Why you should consider tax-advantaged investments

Jack Rose

Jack Rose

Enterprise investment schemes (EIS), venture capital trusts (VCTs) and Business Relief (BR) products are by no means new in the market place. 

BR, which was known as Business Property Relief or BPR, was first introduced in the 1976 Finance Act, EIS replaced the old Business Expansion Schemes in 1994, and VCTs were introduced in 1995. 

While figures for assets raised in BR schemes are hard to come by, 2016 to 2017 – the last tax year for which we have official figures – saw over £2.2bn raised across EIS and VCTs.

Since their inceptions, EIS and VCT have attracted over £18bn, according to figures from HM Revenue & Customs, and over £7bn into the UK SME sector, Association of Investment Companies figures show, respectively. 

However, despite all three structures having an established market with a more than 20-year track record, many financial advisers still do not include them in their tax planning arsenal – even though recent changes in government legislation and pension rules have made the investment case even more compelling.

Why does the government give tax breaks?

EIS, VCTs and BR each offer a number of distinct tax incentives allowing them to fulfil different requirements in an investor’s portfolio. For example, VCTs offer tax-free dividends, meaning they may be more suitable to an investor looking to maximise income.

However, a golden rule of investment is that you don’t get anything for free.

The government’s generous tax incentives associated with these vehicles are designed to offset the risk of investing in smaller, unquoted or AIM-listed companies. Furthermore, investments must meet certain criteria both at the investor level (such as minimum holding periods to qualify) and the underlying investee company level (such as a maximum revenue size or number of staff).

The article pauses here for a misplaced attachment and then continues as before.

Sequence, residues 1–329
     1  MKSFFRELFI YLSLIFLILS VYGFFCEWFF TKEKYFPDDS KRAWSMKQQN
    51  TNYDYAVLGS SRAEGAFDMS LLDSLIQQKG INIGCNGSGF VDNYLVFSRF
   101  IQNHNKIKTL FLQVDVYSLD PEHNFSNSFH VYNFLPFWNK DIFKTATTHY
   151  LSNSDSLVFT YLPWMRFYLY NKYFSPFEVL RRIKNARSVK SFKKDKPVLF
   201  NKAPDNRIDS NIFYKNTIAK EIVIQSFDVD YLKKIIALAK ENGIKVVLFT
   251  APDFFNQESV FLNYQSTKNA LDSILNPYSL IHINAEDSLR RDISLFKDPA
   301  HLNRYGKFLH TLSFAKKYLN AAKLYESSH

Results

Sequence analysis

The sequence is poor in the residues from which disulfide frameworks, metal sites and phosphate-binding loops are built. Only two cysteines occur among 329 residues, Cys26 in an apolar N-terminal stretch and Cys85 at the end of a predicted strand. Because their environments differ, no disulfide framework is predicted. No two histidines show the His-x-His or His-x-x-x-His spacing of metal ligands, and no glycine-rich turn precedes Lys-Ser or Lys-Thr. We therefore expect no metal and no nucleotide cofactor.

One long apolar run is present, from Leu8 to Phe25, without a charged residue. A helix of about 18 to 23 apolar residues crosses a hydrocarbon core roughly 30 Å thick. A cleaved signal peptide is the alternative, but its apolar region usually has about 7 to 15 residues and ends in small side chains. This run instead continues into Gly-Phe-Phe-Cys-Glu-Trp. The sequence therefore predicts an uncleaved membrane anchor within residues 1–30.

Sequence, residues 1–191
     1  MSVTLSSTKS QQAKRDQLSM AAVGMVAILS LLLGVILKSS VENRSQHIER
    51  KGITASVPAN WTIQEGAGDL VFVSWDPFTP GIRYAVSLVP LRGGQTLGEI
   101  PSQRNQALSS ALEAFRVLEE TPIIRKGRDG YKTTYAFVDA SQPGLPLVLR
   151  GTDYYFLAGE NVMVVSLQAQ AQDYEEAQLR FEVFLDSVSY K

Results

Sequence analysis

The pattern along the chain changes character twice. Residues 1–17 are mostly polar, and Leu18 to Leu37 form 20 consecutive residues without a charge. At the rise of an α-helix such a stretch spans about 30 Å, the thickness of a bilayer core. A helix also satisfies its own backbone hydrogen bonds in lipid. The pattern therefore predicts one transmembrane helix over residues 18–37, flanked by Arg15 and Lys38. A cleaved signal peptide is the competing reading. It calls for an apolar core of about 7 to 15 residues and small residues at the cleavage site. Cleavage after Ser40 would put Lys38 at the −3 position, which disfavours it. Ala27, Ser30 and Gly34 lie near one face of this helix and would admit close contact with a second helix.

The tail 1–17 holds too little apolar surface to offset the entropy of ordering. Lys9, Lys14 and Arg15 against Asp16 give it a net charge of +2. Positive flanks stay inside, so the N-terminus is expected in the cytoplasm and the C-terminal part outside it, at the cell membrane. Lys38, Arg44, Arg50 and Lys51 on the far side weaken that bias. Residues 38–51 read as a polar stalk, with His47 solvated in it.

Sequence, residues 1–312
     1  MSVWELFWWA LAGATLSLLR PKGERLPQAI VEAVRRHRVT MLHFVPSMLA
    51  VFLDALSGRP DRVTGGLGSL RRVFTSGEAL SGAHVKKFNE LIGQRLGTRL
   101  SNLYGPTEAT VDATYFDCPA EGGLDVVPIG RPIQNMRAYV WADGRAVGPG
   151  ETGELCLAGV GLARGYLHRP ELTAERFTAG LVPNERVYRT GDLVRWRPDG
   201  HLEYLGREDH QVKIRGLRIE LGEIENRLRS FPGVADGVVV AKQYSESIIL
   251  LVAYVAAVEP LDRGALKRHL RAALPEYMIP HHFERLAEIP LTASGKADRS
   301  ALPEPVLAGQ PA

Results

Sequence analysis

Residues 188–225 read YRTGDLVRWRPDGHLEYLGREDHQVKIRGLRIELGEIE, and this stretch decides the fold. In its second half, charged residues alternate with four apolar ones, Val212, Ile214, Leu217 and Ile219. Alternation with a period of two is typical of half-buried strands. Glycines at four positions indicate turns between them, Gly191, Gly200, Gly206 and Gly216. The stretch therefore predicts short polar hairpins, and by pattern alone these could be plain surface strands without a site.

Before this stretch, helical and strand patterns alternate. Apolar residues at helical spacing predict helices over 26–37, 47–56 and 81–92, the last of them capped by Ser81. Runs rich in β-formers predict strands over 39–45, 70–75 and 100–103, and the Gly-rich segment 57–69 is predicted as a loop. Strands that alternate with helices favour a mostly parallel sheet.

The increased risk nature of these strategies means they are not suitable for every investor – but for the right investor, they can form an important and complementary part of their overall portfolio. 

The catalysts behind the growing market

Aside from the changes in government legislation outlined above, there are a number of other factors driving the growth in the market. 

Firstly, changes in pension rules (restricting annual contributions for additional rate taxpayers and reducing lifetime contributions to £1m) have restricted the tax planning options for high earners, pushing advisers towards alternative and complimentary pension planning investments, and VCTs in particular.

The tax-free dividends offered by VCTs alongside no CGT on gains make them an attractive alternative source of tax-free income, which can complement a traditional pension portfolio. 

Secondly, the dynamics for SME asset raising through EIS and VCT structures continue to be favourable. With traditional sources of funding difficult to secure, demand for funding via EIS and VCTs far outstretches supply.